In conclusion, tax and planning for tax will be a part of all of our lives for the future. We can look at a range of ways to reduce its impact on us – from vanilla (ISAs, workplace pensions) to the more exotic (VCTs, salary sacrifice). It is not enough to just think that “I can live a tax-free FI life” because the rules might change in the future to tax capital more than labour, or pension tax relief or lifetime allowance rules change. Estimating an effective tax rate of 15% might be an effective way of putting a more realistic number on your post-FI spending – so if yo think that you can get by on £25,000 a year (roughly what we think) we’d need £29,411 – and you can take that £4,411 as a contingency or to allow for tax but it gives a more conservative figure.

For us, it’s a matter of balancing the income/assets/tax liabilities for myself and the Lady – that way we can take most advantage to minimise our tax exposure.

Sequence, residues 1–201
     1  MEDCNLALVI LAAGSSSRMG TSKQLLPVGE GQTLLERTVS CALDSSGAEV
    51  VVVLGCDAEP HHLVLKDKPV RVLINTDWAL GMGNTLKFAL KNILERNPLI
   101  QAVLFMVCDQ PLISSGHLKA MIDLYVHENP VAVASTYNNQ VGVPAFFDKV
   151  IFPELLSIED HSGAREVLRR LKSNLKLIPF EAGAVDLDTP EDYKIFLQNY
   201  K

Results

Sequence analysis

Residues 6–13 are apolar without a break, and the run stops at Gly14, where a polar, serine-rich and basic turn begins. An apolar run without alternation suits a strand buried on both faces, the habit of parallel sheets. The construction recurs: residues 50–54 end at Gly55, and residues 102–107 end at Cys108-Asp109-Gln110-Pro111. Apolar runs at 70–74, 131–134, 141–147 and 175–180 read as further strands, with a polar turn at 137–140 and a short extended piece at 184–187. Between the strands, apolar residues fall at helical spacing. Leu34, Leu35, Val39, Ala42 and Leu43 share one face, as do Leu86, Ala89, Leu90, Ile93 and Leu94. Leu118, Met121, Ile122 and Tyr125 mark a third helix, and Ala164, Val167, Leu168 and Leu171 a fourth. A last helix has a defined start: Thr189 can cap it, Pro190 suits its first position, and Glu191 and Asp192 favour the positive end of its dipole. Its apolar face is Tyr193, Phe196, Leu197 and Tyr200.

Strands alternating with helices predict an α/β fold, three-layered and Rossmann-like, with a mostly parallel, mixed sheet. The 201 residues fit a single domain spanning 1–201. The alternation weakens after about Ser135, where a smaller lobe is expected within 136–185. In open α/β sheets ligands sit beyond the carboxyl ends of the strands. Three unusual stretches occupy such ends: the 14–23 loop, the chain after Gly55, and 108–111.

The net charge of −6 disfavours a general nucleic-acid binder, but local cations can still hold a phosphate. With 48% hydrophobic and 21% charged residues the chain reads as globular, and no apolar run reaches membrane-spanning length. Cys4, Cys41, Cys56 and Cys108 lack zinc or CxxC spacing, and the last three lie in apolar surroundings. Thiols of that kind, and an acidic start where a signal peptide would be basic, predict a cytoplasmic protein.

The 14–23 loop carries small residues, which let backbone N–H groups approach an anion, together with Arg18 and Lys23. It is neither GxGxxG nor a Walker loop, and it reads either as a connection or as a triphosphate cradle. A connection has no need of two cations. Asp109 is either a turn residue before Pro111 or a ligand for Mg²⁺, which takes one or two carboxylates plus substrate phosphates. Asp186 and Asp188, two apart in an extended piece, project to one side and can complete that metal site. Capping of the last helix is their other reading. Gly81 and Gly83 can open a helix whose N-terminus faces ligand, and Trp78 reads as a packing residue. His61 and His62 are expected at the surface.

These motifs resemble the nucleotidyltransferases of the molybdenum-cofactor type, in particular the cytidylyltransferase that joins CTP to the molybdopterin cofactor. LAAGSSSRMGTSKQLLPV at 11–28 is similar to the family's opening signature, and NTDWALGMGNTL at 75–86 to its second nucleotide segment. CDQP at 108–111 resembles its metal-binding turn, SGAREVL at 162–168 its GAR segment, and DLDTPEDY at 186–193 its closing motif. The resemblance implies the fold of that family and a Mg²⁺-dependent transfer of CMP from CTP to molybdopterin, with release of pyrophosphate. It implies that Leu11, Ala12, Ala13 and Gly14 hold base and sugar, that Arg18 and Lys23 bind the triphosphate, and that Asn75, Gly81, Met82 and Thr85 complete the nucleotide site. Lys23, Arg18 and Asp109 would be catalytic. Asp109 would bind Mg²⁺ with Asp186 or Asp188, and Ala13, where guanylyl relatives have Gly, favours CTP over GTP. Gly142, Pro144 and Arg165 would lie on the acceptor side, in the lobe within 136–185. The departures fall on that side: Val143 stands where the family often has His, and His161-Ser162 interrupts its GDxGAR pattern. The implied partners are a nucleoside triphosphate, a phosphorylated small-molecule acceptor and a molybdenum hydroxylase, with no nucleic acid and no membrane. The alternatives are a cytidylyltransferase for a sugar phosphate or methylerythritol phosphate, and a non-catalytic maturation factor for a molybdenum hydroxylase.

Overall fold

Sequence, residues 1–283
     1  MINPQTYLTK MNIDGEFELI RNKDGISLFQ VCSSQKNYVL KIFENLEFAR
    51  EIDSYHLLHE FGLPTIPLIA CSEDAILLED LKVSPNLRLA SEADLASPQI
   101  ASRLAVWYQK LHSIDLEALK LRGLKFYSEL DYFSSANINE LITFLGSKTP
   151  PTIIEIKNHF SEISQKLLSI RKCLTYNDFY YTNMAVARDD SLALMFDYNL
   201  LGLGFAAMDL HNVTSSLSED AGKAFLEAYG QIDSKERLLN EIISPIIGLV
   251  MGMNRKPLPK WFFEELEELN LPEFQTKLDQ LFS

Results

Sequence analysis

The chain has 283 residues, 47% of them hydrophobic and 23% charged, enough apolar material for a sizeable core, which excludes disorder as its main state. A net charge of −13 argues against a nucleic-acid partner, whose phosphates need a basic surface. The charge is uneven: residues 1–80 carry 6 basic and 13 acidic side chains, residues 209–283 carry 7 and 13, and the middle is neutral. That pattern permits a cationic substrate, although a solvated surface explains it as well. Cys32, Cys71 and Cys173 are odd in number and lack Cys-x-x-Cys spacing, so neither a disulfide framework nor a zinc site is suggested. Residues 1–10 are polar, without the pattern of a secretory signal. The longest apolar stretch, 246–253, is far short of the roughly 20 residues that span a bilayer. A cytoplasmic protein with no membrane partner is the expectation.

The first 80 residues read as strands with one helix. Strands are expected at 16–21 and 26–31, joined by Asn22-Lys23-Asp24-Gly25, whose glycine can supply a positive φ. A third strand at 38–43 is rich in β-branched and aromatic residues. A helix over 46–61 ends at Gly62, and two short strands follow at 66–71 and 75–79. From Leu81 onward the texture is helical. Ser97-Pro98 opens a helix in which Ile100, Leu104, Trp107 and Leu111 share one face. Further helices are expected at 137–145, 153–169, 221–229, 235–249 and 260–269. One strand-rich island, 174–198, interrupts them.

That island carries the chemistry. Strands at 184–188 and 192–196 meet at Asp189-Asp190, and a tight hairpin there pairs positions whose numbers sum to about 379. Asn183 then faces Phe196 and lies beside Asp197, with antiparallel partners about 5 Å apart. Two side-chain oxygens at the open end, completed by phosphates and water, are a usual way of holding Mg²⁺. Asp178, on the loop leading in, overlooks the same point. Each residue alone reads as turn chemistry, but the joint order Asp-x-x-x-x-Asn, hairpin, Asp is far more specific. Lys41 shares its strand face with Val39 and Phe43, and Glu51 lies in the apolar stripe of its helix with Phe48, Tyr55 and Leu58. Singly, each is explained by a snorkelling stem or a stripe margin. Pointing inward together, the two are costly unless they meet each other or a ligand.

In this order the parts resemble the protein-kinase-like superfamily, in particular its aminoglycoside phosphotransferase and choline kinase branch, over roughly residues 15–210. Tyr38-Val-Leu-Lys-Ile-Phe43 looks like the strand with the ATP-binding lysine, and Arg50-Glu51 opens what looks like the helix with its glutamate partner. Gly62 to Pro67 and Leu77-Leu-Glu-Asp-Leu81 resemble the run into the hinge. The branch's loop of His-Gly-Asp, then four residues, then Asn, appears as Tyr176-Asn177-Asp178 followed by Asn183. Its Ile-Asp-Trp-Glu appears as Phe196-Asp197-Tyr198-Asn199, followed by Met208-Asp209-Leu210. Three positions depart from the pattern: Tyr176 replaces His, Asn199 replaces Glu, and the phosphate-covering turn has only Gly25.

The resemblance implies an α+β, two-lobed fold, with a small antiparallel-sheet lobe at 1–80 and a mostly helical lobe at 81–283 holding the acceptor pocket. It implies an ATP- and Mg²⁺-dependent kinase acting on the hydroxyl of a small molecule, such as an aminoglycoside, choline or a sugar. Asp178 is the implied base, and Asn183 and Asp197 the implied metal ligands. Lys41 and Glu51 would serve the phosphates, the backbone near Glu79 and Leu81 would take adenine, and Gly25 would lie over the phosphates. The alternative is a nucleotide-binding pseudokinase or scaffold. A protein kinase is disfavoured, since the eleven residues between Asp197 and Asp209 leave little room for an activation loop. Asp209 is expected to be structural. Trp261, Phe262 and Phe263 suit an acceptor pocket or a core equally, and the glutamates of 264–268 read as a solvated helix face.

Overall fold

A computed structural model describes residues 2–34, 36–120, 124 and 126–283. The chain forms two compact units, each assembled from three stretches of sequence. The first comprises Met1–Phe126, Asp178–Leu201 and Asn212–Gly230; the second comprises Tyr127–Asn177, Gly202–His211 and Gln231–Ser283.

Good luck, GFF

*The very fact that it is debated (like here) means that changes might be afoot. Other ways of raising tax like a sensible Land Value Tax or even capital gains tax on your primary residence, updating Council Tax banding are less likely to ever happen.

12 comments

  1. I don’t mind paying tax out of my pay as it’s my contribution to the society I choose to live in – the only time it bothered me was when I was in debt because every penny counted then.

    My intention however when I pull the plug on working, is to not pay any tax (or as little as possible) for as long as possible. This means my income post-work will be largely funded by my ISA. I’ll keep my SIPP withrdawals low so I don’t hit the personal allowance limit. This all depends on me having a large enough stash in my ISA, which I continue to work on but which ultimately depends on market forces.

    I know it sounds bad that at this point, I won’t be making a contribution but I will have paid 35 years of tax and NI by this point, which I think is more than enough!

    Liked by 1 person

  2. I don’t view tax as theft (though I am keen to avoid it), with one exception: taxation that is effectively retro-active.